What are Kalpas in The Elder Scrolls?

Before we begin, the usual disclaimer: this is my own understanding of the idea, and not necessarily the whole truth of the matter, although I’ll do my best to bring in other viewpoints as well. You may have other ideas. If so, I’d love to hear them. Please leave a comment below, and join the conversation on the Written in Uncertainty Discord server. Also, please check all the sources linked throughout this article, rather than just taking what I say at face value.

What are Kalpas?

Kalpas are the cycles Mundus goes through, from the point where it is created to the point where it is destroyed, which has happened more than once, if what we led to believe about them is true. They take their real world inspiration from the dharmic religions (Hinduism and Buddhism), which both have the concept of kalpas in them. The word kalpa itself means aeon in Sanskrit, which is just a period of time, and both religions think of kalpas a little differently.

Buddhism has many in various different types of kalpa, which function of a base unit of the ayu-kalpa which is based on the average lifespan of a human being, which fluctuates according to the level of righteousness of the general population, and the others are all based on multiples of that the antya-kalpa is based on how long it takes an ayu-kalpa to expand from 10 years and then contract back to 10 years again. After the antya-kalpa, we have the asankya-kalpa, which is 20 antya-kalpas, and there are various others after that that are multiples of asankya-kalapas and so on and so forth.

The scales of kalpas according to one kind of Hinduism.

In Hinduism a kalpa is equal to a day and night of Brahman, and it further divided into various other sub sections. You have to arthyur which are the primary unit, and you’ve also got the idea within Hinduism that kalpa is a cycle, kind of like the aging process inn that you have the beginning, the middle or sustaining, and the end, or the destruction. Precisely what the length of these particular cycles are various depending on who you ask, I’ve seen different numbers for how long each is supposed to be. I think it depends on quite what tradition of Hinduism is involved. If anyone knows any different to me, please let me know and I’ll be happy to be corrected.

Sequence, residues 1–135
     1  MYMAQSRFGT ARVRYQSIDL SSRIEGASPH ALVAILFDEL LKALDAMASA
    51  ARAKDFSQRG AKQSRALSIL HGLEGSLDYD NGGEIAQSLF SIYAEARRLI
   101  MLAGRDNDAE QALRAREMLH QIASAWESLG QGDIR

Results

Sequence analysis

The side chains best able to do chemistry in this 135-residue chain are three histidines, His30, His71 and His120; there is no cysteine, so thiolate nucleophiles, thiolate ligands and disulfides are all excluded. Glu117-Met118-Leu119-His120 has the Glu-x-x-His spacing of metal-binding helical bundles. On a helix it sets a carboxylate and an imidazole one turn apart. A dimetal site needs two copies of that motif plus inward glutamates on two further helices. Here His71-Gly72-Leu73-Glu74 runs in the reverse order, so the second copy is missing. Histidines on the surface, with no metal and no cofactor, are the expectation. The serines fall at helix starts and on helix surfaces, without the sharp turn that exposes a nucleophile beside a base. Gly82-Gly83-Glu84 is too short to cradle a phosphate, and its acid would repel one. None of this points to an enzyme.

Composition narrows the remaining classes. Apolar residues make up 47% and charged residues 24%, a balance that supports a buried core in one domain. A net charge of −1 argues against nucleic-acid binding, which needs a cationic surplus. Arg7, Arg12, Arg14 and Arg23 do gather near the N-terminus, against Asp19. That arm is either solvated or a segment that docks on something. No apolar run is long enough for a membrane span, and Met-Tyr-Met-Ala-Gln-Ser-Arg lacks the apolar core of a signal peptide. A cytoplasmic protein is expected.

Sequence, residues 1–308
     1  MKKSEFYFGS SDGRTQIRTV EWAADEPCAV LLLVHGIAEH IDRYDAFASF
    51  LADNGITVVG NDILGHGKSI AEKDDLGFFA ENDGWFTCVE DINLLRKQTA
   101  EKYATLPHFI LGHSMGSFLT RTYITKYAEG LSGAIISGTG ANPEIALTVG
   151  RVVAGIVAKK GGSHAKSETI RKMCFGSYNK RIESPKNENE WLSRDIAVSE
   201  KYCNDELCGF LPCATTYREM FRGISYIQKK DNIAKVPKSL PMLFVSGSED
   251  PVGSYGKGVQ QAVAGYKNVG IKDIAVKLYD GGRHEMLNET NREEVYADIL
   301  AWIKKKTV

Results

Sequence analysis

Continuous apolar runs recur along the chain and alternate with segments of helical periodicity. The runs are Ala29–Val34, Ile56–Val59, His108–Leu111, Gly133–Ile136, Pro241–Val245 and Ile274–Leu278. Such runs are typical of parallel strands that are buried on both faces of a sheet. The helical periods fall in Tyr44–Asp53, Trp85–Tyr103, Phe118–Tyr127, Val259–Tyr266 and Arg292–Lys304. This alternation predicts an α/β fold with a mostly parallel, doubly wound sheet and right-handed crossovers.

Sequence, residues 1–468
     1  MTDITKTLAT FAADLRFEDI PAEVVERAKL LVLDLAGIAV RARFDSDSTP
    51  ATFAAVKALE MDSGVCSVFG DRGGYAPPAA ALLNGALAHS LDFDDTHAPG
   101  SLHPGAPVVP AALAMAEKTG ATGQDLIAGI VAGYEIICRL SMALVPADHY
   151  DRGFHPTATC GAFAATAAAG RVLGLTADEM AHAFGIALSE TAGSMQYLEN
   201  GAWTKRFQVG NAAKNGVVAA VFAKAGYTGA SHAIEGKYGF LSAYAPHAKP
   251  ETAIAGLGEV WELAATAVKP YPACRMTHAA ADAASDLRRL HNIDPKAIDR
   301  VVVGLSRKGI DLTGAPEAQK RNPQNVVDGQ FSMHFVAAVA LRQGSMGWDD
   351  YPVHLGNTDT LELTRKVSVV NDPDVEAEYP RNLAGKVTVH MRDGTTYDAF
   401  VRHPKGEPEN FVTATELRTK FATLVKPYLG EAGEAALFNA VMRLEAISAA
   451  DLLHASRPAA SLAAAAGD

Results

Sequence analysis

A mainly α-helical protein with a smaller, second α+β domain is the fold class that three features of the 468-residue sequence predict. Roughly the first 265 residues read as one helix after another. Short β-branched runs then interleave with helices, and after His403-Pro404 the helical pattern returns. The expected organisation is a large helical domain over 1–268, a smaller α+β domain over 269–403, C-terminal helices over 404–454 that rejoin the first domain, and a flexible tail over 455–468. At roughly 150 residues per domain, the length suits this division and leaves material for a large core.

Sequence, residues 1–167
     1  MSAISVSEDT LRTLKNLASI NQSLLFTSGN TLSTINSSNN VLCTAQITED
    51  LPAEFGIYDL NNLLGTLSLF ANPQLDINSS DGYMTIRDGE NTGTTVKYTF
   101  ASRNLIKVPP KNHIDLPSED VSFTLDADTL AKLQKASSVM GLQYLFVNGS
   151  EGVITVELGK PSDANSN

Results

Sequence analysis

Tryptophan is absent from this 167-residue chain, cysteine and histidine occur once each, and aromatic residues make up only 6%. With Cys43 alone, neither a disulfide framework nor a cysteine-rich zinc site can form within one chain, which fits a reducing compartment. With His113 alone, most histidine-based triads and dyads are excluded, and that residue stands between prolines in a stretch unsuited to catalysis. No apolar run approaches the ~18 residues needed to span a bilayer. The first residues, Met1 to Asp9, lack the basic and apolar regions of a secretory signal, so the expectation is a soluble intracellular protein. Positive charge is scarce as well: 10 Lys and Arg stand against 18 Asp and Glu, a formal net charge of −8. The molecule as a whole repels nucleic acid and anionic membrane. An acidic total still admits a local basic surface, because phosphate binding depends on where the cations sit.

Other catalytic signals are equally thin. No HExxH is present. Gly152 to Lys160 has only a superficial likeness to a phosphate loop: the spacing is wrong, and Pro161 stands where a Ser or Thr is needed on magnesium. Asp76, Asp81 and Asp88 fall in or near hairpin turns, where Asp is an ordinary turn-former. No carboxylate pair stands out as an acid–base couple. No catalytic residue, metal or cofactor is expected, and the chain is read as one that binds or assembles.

Within the context of The Elder Scrolls, we don’t actually know if there’s a duration for the kalpa. But we do have the sense that some things have happened before, and there are certain events that have to happen for a kalpa to fully play out which I’ll get to a bit later but first of all their place within the Elder Scrolls universe.

Where do we hear about them?

Kalpas were introduced into the games explicitly in The Elder Scrolls IV: Oblivion, in the Knights of the Nine expansion with The Song of Pelinal claiming that Umaril’s father was ” a god of the [previous kalpa’s] World-River”. it was implied before this in the 36 Lessons of Vivec, Semon 28:

When the dreughs ruled the world, the Daedroth Prince Molag Bal had been their chief. He took a different shape then, spiny and armored and made for the sea.

Again we’ve got connections to water here. Keep that in mind for later.

Our final text that establishing kalpas within the franchise, a text from volume four of the Commentaries on the Mysterium Xarxes, but this could potentially be rubbish, it depends on how much stock you place on Mankar Camoran. The the quote is:

the Mundex Terrene was once ruled over solely by the tyrant dreugh-kings, each to their own dominion, and borderwars fought between their slave oceans. They were akin to the time-totems of old, yet evil, and full of mockery and profane powers. No one that lived did so outside of the sufferance of the dreughs.

These last two mentioned the dreugh as a different cycle of the world, but don’t use the term kalpa itself. So are they actually kalpas? I definitely think so. Because there’s no account of the history of Tamriel anywhere that brings up a time when the Dreugh ruled the world in this way. So either both of these sources are talking rubbish, or they’re talking about a different cycle of the world, a different timeline, maybe at the absolute outside. But this is talking about a version of Mundus that is very different from the current Mundus that we know.